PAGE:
As Lake Nona High School eleventh grader Juliana Guerrero studied the nutrition facts on the labels of some of her favorite snacks, she was shocked to learn what she thought was healthy was not so healthy after all.
“It was very surprising for me,” she said, “because the snacks that I thought would be healthier, the nutritional labels didn’t match up with what I thought I knew, for example, with the amount of added sugars and sodium. And so going forward, I’m going to pay a lot more attention to labels.”
Guerrero was among a group of eleventh graders who are learning health literacy from a team of UCF College of Medicine students. The program is part of an independent research project led by fourth-year medical student Arjun Patel and teaches the high school students health literacy and wellness. In a recent session, students learned how to analyze nutritional labels for added sugars, sodium content, and serving sizes.
“Having the med students here has been fun,” said Guerrero, who wants to become a cardiologist. “It’s not like they’re just giving you a lecture. I’ve learned a whole lot from them, and it’s been enjoyable. They make us do all these activities, and being able to interact with them allows me to pick their brains about med school.”
Patel said the main goal of the program was to not only teach the students health literacy but all life skills they needed to promote and maintain good health.
“When I got to medical school, I recognized there was a need to learn these types of health skills at an early age,” Patel said. “No one had taught me to read nutrition labels or about health insurance. The fact is several diseases are preventable if we take action at an early age. So my intention is to make sure these students get what they need, so they can take ownership of their health early on.”
Patel partnered with Dr. Lloyd Werk, a pediatrician at Nemours Children’s Hospital, and third-year medical student Zachary Helm to design a six-module curriculum that teaches high school students to be self-advocates for their health, get the most out of doctor visits, choose health insurance, and make smart food choices. As part of the research component, Patel collected pretest data to measure the students’ level of health literacy and plans to collect post-test data when the program ends.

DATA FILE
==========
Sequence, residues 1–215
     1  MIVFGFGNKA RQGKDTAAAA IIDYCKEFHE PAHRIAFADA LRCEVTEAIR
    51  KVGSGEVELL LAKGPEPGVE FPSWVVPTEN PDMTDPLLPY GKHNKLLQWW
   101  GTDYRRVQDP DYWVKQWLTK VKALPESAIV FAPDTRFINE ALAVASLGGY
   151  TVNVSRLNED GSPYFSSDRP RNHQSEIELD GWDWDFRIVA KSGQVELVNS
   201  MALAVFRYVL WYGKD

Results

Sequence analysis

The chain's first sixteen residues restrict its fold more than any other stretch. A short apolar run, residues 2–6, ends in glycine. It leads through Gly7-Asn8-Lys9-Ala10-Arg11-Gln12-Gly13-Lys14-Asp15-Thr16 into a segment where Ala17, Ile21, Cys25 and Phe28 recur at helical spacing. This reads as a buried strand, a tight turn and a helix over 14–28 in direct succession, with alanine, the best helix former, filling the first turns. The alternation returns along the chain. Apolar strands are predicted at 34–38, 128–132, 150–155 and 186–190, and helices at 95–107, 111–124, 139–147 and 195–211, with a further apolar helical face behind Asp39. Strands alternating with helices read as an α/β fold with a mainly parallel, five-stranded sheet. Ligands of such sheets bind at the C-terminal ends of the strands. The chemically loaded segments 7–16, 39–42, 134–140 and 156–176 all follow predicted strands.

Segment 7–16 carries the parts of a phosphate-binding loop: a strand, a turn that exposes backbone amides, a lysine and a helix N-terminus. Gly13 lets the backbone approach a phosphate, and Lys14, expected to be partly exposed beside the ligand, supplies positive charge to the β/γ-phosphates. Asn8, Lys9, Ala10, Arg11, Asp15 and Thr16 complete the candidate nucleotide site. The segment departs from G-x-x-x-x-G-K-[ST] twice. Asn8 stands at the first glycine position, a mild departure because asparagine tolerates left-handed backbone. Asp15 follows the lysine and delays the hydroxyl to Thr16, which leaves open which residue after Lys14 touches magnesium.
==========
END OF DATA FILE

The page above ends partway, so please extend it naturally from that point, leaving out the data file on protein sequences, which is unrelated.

“I knew absolutely nothing about health insurance,” said eleventh grader Liliana Riviera, “because I usually leave that up to my mom. Now, I have a better idea of what to look for, and that’s good because I will have to make these decisions on my own one day.”
Shari Bowers, a health sciences teacher at Lake Nona High School, said having the medical students teach the class was a refreshing experience for her students and marked a great community partnership.
“When the medical students approached me, I thought it was an excellent idea,” she said. “The kids are very engaged, they get a break from hearing me, and they are closer in age to the medical students, so they can relate to them better and can talk about new technologies and innovations that I hadn’t learned about.”
Patel hopes the program will help underscore the importance of preventative medicine as the most important form of healthcare.
“Healthcare should not only be ‘sick care,’” he said. “Most people tend to wait until they aren’t feeling well to start thinking about their health. As future physicians, our job is to make sure people stay healthy and don’t get sick in the first place.”